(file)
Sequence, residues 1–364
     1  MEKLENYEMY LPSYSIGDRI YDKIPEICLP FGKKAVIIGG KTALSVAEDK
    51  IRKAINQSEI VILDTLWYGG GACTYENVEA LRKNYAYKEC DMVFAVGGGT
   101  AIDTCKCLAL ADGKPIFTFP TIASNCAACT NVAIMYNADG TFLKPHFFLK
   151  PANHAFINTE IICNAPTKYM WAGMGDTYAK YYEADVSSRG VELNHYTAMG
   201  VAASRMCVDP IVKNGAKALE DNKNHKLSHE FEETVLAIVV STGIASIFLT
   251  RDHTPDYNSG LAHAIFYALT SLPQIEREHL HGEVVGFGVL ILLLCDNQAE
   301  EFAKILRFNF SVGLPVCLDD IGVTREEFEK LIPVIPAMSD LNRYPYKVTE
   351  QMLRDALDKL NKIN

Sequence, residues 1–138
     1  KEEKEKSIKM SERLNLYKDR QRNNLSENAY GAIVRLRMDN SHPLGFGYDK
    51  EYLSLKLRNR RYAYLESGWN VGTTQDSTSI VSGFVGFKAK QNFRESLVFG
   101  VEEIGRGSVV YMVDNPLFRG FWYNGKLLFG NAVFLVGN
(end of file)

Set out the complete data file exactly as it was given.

Sequence, residues 1–364
     1  MEKLENYEMY LPSYSIGDRI YDKIPEICLP FGKKAVIIGG KTALSVAEDK
    51  IRKAINQSEI VILDTLWYGG GACTYENVEA LRKNYAYKEC DMVFAVGGGT
   101  AIDTCKCLAL ADGKPIFTFP TIASNCAACT NVAIMYNADG TFLKPHFFLK
   151  PANHAFINTE IICNAPTKYM WAGMGDTYAK YYEADVSSRG VELNHYTAMG
   201  VAASRMCVDP IVKNGAKALE DNKNHKLSHE FEETVLAIVV STGIASIFLT
   251  RDHTPDYNSG LAHAIFYALT SLPQIEREHL HGEVVGFGVL ILLLCDNQAE
   301  EFAKILRFNF SVGLPVCLDD IGVTREEFEK LIPVIPAMSD LNRYPYKVTE
   351  QMLRDALDKL NKIN

Sequence, residues 1–138
     1  KEEKEKSIKM SERLNLYKDR QRNNLSENAY GAIVRLRMDN SHPLGFGYDK
    51  EYLSLKLRNR RYAYLESGWN VGTTQDSTSI VSGFVGFKAK QNFRESLVFG
   101  VEEIGRGSVV YMVDNPLFRG FWYNGKLLFG NAVFLVGN